Early socialization and regular training are effective methods of preventing aggression in dogs from ever occurring. But sometimes fear, territorialism, resource guarding and anxiety can override your efforts and render a dog aggressive. In such cases, the use of behavioral therapies may be required to fix the problem for good.
Desensitization is based on a simple concept. For every aggressive episode, there is a trigger; be it a doorbell, the presence of another dog or the sound of the gate opening. Desensitization involves repeatedly exposing the dog to the trigger stimuli so that those stimuli become familiar to him. With sufficient exposure, you can normalize those triggers so that they don’t create an aggressive response in the dog. You have a role to play in this. Your dog will look to you for leadership upon encountering the stimuli. Your job is to simply ignore his aggressive behavior and act calmly.
Counterconditioning is the natural next step to desensitization, but you can practice it simultaneously. By using a combination of distraction and positive reinforcement, you can make the now normalized trigger stimuli positive. For example, if Rocky goes bananas every time someone picks up his toys, put him on his leash and have a friend pick up his toy while you distract him with a food treat. Over time, Rocky will learn that people picking up his toys has a positive consequence for him.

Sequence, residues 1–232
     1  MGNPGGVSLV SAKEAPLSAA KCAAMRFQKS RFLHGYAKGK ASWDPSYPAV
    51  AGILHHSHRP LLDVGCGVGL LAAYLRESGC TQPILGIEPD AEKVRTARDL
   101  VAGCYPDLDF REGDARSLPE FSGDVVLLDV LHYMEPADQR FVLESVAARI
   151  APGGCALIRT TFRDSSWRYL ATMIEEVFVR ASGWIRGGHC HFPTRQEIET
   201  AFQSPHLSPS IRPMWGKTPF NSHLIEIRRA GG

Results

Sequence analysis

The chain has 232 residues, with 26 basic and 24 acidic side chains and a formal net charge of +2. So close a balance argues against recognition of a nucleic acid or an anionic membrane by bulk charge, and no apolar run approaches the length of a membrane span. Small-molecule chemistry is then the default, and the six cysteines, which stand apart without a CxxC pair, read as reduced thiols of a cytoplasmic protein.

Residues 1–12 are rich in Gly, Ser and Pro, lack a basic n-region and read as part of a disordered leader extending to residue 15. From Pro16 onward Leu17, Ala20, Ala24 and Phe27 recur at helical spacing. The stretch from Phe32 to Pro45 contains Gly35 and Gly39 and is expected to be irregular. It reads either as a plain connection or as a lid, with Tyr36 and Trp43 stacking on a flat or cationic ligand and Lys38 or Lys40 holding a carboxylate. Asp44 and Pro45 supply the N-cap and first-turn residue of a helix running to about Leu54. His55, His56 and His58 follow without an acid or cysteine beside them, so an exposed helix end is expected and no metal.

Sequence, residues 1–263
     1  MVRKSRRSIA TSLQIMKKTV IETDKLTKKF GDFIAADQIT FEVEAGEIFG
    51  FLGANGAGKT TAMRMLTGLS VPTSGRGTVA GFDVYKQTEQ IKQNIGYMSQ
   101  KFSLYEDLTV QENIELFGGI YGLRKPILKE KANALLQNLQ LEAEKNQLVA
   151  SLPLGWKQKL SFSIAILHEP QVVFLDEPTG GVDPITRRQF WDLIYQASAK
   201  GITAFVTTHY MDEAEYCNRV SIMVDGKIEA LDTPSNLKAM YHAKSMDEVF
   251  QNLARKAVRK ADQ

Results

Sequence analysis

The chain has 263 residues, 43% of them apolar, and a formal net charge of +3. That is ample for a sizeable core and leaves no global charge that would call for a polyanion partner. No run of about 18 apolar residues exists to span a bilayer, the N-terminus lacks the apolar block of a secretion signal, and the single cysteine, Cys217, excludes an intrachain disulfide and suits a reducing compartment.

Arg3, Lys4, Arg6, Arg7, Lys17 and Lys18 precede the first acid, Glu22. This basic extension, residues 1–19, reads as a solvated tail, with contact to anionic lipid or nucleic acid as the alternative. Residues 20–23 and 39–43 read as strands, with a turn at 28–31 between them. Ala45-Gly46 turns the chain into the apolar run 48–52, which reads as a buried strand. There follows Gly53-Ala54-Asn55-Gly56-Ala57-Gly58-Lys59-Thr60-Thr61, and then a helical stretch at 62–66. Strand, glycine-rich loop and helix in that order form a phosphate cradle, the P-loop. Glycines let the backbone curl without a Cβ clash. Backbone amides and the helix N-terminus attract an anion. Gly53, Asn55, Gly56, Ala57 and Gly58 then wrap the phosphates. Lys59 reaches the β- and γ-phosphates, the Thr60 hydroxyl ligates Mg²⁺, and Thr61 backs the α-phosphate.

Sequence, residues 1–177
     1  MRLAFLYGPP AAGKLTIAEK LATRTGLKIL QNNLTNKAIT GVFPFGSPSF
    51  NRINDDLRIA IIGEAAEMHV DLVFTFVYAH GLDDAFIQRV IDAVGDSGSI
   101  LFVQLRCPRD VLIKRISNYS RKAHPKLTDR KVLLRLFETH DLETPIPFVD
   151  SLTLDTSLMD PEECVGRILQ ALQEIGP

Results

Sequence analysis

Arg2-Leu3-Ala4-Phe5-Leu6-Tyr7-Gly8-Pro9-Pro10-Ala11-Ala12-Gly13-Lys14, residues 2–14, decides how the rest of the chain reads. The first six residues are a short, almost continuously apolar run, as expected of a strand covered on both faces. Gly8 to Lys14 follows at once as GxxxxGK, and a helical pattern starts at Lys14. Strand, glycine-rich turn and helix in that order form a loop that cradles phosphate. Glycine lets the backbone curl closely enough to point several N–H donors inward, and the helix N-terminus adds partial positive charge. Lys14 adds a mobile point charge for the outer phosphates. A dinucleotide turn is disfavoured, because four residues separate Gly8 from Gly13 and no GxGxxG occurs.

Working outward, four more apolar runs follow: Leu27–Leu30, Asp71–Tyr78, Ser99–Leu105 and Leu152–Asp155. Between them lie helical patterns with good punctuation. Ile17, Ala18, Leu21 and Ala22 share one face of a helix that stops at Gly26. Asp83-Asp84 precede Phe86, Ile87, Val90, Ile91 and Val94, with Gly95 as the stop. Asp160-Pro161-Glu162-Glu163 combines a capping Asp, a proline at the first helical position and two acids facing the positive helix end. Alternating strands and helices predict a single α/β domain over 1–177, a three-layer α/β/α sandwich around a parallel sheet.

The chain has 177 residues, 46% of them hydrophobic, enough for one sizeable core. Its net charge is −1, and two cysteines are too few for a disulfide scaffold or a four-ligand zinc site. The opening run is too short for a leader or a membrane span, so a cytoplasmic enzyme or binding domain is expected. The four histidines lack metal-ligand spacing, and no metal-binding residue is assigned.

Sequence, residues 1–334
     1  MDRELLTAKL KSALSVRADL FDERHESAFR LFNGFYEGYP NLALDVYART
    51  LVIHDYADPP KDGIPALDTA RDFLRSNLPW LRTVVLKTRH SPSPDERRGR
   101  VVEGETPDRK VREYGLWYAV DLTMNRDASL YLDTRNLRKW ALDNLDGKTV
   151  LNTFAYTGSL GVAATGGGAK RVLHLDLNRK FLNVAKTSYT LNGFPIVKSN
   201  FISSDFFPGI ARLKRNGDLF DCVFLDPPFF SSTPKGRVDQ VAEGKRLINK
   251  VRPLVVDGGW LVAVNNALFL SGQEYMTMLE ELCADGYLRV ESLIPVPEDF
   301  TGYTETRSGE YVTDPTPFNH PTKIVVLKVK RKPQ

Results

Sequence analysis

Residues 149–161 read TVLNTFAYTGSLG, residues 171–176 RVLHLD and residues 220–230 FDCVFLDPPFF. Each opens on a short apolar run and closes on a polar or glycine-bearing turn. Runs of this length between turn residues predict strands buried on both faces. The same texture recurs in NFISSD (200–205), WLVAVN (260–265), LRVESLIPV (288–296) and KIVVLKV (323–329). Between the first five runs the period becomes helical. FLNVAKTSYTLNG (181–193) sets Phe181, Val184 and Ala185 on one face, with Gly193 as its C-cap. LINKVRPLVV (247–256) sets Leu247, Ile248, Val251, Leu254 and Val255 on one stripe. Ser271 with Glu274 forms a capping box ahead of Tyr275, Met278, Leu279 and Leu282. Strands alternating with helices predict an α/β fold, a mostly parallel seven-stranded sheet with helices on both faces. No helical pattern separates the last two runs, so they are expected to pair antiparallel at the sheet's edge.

Massage therapy can relax and soothe a stressed or tense pooch. The human environment, with all its noise, smells and activity, can be stressful for a dog. Some dogs handle it fine, others turn their stress into aggressive behavior. A massage, while not directly interrupting aggressive behavior, can remove some of the root causes.
Deference training is the process of teaching a dog to sit calmly before he gets what he wants, whether that’s a treat, a walk or access to the yard. This method of training can work well for aggressive dogs, as it helps them learn that positive things occur when they are calm. If Rocky has his hackles up, using deference training can take him out of this mindset and put him in a more relaxed mental state.
While not strictly a therapy, exercise is often all that is required to curb aggressive behavior. If a dog isn’t getting sufficient exercise, he can be a bundle of energy. He’s got to burn that off somehow, and he might channel it in negative ways. A tired dog is typically a well-behaved dog. If your dog is exhausted because he’s been receiving lots of exercise, he simply won’t have the energy required to act aggressively.
Simon Foden has been a freelance writer and editor since 1999. He began his writing career after graduating with a Bachelors of Arts degree in music from Salford University. He has contributed to and written for various magazines including "K9 Magazine" and "Pet Friendly Magazine." He has also written for Dogmagazine.net.